In the same UNHRC session, 50 countries issued a joint letter supporting China's Xinjiang policies, criticising the practice of "politicizing human rights issues". The letter stated, "China has invited a number of diplomats, international organizations officials and journalist to Xinjiang" and that "what they saw and heard in Xinjiang completely contradicted what was reported in the media."
In October 2019, 23 countries issued a joint statement at the UN urging China to "uphold its national and international obligations and commitments to respect human rights".
In response, 54 countries issued a joint statement supporting China's Xinjiang policies. The statement "spoke positively of the results of counter-terrorism and de-radicalization measures in Xinjiang and noted that these measures have effectively safeguarded the basic human rights of people of all ethnic groups."
In August 2022, the UN Human Rights Office assessment of human rights concerns in Xinjiang concluded that the extent of arbitrary and discriminatory detention of members of Uyghur and other predominantly Muslim groups in China, since 2017, pursuant to law and policy, in context of restrictions and deprivation more generally of fundamental rights enjoyed individually and collectively, may constitute international crimes, in particular crimes against humanity.
Uyghur Human Rights Policy Act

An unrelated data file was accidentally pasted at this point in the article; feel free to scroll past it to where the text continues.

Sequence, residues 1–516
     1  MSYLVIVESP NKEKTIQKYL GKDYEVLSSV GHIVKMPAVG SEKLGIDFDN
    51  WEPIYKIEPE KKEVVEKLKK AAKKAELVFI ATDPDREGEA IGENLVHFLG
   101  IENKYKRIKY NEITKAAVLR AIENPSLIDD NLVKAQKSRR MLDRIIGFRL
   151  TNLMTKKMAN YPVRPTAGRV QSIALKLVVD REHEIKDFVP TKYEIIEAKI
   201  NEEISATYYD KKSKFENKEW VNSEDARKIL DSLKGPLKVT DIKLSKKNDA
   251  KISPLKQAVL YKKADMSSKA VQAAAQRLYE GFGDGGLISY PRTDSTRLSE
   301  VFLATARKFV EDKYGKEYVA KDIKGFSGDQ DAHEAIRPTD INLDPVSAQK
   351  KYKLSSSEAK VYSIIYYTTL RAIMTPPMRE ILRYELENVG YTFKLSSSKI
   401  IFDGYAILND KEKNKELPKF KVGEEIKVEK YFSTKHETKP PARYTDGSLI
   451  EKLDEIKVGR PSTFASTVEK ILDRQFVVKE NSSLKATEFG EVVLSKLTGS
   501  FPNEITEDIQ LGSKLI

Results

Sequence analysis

The United States Senate and House of Representatives passed the Uyghur Human Rights Policy Act in September 2019 and December 2019 respectively in reaction to the conflict. The bill requires United States President Donald Trump to impose sanctions under the Global Magnitsky Act on Xinjiang Communist Party Secretary Chen Quanguo, which would be the first time such sanctions would be imposed on a member of CCP politburo. The bill was signed by President Trump into law on 17 June 2020.
Deportation of Uyghurs
Hundreds of Uyghurs fleeing China through Southeast Asia have been deported back by the governments of Cambodia, Thailand, Malaysia, and others, drawing condemnation from the U.S., the UNHCR, and human rights groups. The U.S. State Department said deported Uyghurs "could face harsh treatment and a lack of due process" while the UNHCR and Human Rights Watch have called the deportations a violation of international law.